Technology has been a significant catalyst in increasing the demand for a higher educated workforce, said Dr Henry O’Lawrence at the recent InSITE conference held at RMIT Vietnam’s Saigon South campus.
Dr O’Lawrence, a researcher and data analyst who teaches in the Department of Health Care Administration, California State University, Long Beach, shared his views on the importance of education and workforce development as one of the ways to develop economic growth and raise the level of competition among individuals in a global economy in the 21st century.
In his talk The workforce for the 21st Century, Dr O’Lawrence discussed his study which analysed and evaluated labour market indicators in the United States.
“Many technological innovations require highly-qualified employees in order to install, operate and maintain the equipment,” Dr O’Lawrence said.
“Technological change has created new jobs that require new skills and knowledge in new subjects, and this has changed the criteria required in traditional careers.”
So, what should people do to keep up with technological changes?
Dr O’Lawrence said that the workforce needs to prepare itself through professional development, goal setting and individual empowerment, teamwork, working with the community, adapting to change, and leveraging the internet.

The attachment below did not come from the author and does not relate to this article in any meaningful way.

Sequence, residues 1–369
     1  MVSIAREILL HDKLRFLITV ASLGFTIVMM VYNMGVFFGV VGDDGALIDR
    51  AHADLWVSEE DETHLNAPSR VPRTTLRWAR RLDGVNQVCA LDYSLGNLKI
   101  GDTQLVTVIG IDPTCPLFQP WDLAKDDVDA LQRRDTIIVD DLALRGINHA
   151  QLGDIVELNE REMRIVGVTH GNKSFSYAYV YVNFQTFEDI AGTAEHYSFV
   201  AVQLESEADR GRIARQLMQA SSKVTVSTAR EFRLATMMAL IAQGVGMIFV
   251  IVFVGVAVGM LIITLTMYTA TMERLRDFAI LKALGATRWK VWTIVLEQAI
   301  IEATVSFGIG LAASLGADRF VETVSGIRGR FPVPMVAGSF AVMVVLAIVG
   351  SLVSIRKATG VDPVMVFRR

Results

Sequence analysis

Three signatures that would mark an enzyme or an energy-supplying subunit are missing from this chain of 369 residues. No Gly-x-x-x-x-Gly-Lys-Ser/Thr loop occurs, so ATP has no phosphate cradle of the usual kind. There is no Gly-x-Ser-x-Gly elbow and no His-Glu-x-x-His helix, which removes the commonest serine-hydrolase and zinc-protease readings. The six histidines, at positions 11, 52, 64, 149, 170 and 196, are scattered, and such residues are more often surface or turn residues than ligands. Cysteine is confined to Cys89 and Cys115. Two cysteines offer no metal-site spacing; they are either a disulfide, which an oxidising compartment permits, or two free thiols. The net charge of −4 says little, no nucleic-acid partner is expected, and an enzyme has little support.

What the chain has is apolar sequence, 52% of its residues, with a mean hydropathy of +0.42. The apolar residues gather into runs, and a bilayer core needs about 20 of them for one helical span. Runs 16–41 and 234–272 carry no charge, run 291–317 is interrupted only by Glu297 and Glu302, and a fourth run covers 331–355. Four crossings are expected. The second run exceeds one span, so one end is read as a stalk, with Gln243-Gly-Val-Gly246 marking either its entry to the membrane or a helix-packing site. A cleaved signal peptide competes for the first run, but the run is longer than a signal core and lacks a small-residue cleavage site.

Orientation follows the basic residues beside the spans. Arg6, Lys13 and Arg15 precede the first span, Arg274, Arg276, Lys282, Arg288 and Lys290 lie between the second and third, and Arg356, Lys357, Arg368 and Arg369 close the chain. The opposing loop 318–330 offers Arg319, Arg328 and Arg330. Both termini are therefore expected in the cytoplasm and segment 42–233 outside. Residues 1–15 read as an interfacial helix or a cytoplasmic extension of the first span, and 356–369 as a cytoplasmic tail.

He concluded by saying the evolution of the digital platform and technology across all sectors in the 21st century will continue to impact recruiting, and create strong competition among businesses in attracting highly-qualified employees.
For RMIT Vietnam, preparing students to thrive within technological change is a priority.
In a previous interview, RMIT Vietnam President Professor Gael McDonald emphasised the importance of technological enhanced learning environments.
“Our priority is to promote and facilitate digitally enabled, industry relevant, and work integrated learning experiences,” she said.
In 2016 the University implemented blended, flipped, and fully online delivery modes for 17 core courses in its largest programs. This year RMIT Vietnam has replaced hard copy textbooks with multimodal digital learning materials, and invested in new state-of-the-art learning spaces.
Informing Science Institute’s (ISI) 2017 Informing Science and IT Education (InSITE) Multi-conference was hosted by RMIT Vietnam at the University’s Saigon South campus between 31 July and 5 August. Sponsored by RMIT Vietnam’s School of Business and Management, in conjunction with the university’s Centre of Digital Excellence (CODE), the week long conference was an opportunity to share research with academics from around the world and collaborate on issues pertaining specifically to the uptake and delivery of digital technology in education.
Story: Le Mong Thuy